WA Court of Appeals - Div. II: Kitchen sink approach to criminal appeal doesn't work
Elmore appeals, arguing (the list is long, so I'm just going to do a quote):
[A]n officer's improper opinion testimony that she was evasive and untruthful in giving a statement violated her right to a jury trial, (2) her conviction of burglary, the predicate crime for felony murder, merged with her conviction of felony murder, and (3) the restraint that formed the basis for her kidnapping conviction was incidental to other crimes and, thus, insufficient to support a separate kidnapping conviction. She also contends (4) the post-Blakely1 legislative amendments to the Sentencing Reform Act (SRA), chapter 9.94A RCW, do not apply to her pre-Blakely crimes, (5) the prosecution acted vindictively in amending the information after her two successful appeals, (6) the addition of aggravating factors to the amended information after her two previous appeals violated double jeopardy and the mandatory joinder rule, and (7) the sentencing court's findings of aggravating factors violated her right to a jury trial on the findings.
Of course this is affirmed, otherwise I wouldn't be giving a slightly dismissive attitude. Elmore had a previous appeal, but did not address these issues. The State of course argues that this precludes the appeal. The court decided on the merits, otherwise I wouldn't be titling this the kitchen sink approach. Here we go:
1) This wasn't raised at trial. Since it doesn't go to an ultimate fact, it's out. The court, in dicta, said that there was no harm because the officer also corroborated some of her story and the jury was instructed that THEY were the sole judges of credibility.
2) This wasn't raised either, but merger is manifest. However, the burglary statute has a specific anti-merger clause.
3) Generally this is analyzed under sufficiency of the evidence. Elmore was convicted of conspiracy to commit burglary in this home invasion robbery. The people who actually committed the robbery may have an argument that the kidnapping is incidental resstraing to any armed robbery (see Korum, 120 Wn. App. 686), but not the case for the burglary.
4) Blakely has to be put through to a jury. You don't get a free pass on aggravators.
5) Increasing charges after withdrawing a guilty plea, without more, doesn't amount to prosecutorial vindictiveness.
6) This one gets a quick block quote to explain the double jeopardy:
Nor does double jeopardy restrict the length of a sentence imposed on retrial after a defendant's successful appeal. State v. Jones, 102 Wn. App. 89, 98, 6 P.3d 58 (2000); see also North Carolina v. Pearce, 395 U.S. 711, 89 S. Ct. 2072, 23 L. Ed. 2d 656 (1969), rev'd on other grounds by Alabama v. Smith, 490 U.S. 794, 109 S. Ct. 2201, 104 L. Ed. 2d 865 (1989). While the United States Supreme Court has held that double jeopardy prevents retrying a defendant on previously rejected aggravating factors supporting the death penalty, Bullington v. Missouri, 451 U.S. 430, 446, 101 S. Ct. 1852, 68 L. Ed. 2d 270 (1981), double jeopardy protections are generally inapplicable to sentencing proceedings. Powell, 2009 WL 4844354 at *8; Eggleston, 164 Wn.2d at 70-71.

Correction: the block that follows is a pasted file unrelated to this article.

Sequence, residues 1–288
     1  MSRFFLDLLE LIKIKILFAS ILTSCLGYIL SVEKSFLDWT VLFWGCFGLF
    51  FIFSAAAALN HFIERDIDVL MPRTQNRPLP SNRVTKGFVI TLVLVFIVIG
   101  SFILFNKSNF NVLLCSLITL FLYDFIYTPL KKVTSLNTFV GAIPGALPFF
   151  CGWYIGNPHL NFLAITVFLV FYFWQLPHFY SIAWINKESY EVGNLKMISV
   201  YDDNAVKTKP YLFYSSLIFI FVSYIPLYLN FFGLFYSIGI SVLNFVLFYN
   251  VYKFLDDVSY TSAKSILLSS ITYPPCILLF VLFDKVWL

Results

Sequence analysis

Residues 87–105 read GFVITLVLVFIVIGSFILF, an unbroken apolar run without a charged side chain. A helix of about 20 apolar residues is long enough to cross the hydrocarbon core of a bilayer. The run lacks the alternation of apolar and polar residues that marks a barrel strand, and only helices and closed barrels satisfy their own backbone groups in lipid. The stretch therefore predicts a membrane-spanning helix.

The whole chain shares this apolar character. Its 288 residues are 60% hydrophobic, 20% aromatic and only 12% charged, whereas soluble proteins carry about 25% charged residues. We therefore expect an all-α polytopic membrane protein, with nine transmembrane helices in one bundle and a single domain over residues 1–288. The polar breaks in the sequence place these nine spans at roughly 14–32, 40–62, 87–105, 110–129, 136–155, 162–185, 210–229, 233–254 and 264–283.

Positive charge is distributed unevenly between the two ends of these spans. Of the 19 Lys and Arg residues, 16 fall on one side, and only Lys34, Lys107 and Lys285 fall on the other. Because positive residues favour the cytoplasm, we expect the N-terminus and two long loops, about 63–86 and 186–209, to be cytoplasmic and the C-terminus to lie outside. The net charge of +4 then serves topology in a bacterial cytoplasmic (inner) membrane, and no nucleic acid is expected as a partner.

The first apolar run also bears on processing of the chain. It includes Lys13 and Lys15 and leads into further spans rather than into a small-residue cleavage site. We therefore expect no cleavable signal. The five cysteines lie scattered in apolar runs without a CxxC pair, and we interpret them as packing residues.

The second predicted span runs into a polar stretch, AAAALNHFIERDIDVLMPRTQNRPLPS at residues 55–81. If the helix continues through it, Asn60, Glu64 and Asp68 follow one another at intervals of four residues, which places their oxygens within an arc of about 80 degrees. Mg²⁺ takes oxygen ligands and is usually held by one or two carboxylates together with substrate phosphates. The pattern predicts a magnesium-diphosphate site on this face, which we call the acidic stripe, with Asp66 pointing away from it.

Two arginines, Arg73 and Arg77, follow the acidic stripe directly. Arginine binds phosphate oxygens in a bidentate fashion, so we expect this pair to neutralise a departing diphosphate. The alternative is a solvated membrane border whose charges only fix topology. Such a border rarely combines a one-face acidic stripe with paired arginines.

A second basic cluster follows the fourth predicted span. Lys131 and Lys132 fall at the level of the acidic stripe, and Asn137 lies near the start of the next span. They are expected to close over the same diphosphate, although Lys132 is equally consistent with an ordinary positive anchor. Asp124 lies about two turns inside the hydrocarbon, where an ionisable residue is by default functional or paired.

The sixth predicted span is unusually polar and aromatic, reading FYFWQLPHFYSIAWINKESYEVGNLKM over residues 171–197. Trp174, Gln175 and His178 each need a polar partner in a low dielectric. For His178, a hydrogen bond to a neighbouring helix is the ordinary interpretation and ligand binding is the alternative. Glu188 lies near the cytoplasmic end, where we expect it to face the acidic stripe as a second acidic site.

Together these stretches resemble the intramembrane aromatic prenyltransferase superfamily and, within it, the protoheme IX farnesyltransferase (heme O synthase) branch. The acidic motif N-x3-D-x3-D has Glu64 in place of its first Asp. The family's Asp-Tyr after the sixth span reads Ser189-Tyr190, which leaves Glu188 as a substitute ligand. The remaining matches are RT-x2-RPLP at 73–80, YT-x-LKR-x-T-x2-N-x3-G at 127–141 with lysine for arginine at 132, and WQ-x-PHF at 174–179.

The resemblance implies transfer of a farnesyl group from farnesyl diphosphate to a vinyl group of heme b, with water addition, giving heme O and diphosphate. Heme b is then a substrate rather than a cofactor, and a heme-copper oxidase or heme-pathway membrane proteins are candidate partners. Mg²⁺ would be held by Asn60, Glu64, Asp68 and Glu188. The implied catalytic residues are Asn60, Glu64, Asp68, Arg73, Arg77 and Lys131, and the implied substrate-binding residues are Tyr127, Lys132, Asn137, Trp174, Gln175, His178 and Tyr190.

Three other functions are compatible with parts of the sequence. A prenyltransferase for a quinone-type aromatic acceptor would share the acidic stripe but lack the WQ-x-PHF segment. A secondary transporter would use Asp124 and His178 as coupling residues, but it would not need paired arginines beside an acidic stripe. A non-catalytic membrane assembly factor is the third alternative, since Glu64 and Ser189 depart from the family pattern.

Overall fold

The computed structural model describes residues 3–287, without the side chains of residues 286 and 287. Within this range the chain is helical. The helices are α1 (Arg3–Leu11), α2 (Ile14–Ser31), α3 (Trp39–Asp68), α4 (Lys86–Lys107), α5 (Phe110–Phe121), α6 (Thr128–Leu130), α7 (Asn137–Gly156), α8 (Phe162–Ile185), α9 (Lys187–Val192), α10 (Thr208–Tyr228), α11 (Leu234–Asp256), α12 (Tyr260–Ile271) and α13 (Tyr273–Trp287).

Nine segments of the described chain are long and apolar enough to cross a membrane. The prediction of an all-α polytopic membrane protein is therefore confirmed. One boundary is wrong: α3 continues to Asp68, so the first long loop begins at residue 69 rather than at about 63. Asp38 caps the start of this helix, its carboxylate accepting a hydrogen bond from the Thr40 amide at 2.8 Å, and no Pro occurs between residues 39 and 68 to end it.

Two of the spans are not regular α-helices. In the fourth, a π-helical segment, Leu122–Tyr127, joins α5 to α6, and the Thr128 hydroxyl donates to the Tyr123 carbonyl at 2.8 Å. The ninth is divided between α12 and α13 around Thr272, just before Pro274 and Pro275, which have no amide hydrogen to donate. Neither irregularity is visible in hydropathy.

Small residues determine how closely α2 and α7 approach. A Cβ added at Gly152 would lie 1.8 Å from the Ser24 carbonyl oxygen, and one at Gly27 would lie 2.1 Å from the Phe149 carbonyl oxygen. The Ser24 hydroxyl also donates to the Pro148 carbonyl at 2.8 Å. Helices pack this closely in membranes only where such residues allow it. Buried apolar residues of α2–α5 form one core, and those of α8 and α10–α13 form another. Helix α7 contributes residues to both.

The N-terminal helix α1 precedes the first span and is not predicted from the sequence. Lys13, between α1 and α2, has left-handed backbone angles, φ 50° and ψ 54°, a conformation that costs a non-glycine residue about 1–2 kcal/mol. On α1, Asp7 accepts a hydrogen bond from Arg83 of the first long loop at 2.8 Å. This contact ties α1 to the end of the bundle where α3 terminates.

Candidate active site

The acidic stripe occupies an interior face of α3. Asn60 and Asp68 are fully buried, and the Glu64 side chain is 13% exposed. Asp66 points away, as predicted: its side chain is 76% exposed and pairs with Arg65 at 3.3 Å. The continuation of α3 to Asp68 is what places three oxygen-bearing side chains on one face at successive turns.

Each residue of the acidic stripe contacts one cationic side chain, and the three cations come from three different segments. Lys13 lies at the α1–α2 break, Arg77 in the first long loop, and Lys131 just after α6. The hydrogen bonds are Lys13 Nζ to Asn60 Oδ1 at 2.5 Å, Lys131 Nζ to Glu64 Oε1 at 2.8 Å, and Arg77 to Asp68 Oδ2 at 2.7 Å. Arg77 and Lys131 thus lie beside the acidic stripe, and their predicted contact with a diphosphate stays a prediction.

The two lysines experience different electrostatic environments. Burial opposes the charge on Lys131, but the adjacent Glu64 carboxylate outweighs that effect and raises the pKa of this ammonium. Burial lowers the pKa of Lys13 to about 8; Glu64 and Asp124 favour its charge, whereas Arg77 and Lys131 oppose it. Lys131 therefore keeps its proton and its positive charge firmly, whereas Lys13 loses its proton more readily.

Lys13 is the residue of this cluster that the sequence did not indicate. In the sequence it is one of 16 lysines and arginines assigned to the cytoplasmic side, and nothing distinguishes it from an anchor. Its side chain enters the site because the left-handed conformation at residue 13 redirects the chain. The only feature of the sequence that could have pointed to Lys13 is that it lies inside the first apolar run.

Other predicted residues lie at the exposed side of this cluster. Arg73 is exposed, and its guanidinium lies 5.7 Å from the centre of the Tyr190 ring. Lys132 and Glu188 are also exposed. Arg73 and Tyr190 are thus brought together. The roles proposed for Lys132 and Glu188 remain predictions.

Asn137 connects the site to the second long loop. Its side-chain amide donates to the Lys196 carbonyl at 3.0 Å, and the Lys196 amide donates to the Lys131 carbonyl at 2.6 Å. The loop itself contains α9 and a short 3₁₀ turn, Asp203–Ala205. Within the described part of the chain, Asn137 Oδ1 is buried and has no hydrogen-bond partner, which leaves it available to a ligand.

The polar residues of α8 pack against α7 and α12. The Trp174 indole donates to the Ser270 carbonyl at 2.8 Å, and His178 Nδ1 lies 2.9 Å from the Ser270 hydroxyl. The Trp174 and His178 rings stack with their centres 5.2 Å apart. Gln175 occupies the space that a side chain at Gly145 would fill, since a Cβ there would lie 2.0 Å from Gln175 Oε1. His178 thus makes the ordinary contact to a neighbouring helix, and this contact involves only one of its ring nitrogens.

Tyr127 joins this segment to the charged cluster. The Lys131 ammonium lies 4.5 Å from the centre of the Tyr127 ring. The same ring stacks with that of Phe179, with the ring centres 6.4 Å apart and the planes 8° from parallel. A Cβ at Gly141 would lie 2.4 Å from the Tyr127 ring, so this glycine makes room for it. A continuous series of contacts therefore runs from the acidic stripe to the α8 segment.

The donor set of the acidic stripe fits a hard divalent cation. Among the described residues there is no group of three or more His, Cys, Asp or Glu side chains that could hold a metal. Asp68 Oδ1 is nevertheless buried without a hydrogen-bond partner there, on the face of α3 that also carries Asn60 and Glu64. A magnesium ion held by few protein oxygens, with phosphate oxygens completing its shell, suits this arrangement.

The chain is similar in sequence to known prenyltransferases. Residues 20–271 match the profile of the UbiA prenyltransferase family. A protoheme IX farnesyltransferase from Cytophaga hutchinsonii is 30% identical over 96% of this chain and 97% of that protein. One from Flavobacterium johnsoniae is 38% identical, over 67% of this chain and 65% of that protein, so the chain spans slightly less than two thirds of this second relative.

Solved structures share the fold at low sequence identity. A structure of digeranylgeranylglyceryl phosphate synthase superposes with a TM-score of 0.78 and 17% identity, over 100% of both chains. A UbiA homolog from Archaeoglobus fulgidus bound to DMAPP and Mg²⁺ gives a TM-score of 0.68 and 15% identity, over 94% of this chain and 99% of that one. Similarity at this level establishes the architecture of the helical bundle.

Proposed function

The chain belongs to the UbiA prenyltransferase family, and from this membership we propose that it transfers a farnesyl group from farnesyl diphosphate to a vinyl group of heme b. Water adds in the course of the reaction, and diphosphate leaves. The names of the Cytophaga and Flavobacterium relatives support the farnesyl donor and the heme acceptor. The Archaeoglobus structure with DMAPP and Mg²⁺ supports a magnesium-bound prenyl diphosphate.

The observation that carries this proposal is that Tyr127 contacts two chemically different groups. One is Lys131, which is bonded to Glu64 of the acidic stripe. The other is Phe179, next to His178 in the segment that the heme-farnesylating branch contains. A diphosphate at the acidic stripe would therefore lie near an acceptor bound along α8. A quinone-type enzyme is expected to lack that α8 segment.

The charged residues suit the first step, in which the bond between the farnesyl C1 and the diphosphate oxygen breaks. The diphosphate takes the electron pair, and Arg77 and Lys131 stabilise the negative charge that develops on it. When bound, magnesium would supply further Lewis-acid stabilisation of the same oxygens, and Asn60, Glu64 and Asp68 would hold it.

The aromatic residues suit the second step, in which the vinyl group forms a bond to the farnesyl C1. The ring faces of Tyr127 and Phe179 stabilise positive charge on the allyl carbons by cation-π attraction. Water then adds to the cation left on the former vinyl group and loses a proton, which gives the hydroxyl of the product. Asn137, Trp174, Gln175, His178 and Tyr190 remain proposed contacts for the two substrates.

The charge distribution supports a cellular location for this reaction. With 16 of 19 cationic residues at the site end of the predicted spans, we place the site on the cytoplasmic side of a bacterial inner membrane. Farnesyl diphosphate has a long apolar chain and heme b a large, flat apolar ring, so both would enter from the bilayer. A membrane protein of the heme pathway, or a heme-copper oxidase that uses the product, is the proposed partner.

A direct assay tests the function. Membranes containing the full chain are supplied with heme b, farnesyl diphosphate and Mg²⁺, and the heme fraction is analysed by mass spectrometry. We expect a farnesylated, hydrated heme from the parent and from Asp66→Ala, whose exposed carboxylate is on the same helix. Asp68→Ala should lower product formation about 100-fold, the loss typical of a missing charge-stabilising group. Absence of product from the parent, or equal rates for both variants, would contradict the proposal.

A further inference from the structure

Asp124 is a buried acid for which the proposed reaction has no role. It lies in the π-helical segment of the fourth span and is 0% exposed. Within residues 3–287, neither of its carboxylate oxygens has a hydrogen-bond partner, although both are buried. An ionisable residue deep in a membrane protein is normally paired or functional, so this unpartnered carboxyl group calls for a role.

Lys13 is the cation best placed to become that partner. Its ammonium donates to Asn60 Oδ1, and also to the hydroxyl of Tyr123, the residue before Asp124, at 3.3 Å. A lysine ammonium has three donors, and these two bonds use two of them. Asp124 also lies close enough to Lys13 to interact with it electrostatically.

As to the mandatory joinder rule:
After she withdrew her plea agreement, Elmore had yet to be tried for any offense and could not move to dismiss a related offense under CrR 4.3.1(b)(3). The prosecutor had discretion to amend the information, including adding new charges, under CrR 2.1(d). Elmore's claim relating to the addition of predicate crimes and enhancements to the fourth amended indictment therefore fails. See also Powell, 2009 WL 4844354 at *8 (resentencing does not violate the mandatory joinder rule because aggravating circumstances do not constitute an offense). In addition, Elmore never moved to dismiss any additional charges before the second trial. Thus, she did not preserve the alleged error with respect to the alternative means of burglary. See RAP 2.5. Elmore's only vehicle for addressing this error is her claim that counsel was ineffective for failing to move to dismiss the additional offenses, an issue we discuss below.
7) Oddly enough, the trial court found aggravating factors by a preponderance after the jury found them beyond a reasonable doubt. Seeing as the sentencing was only done off the ones found by the jury, no harm, no foul.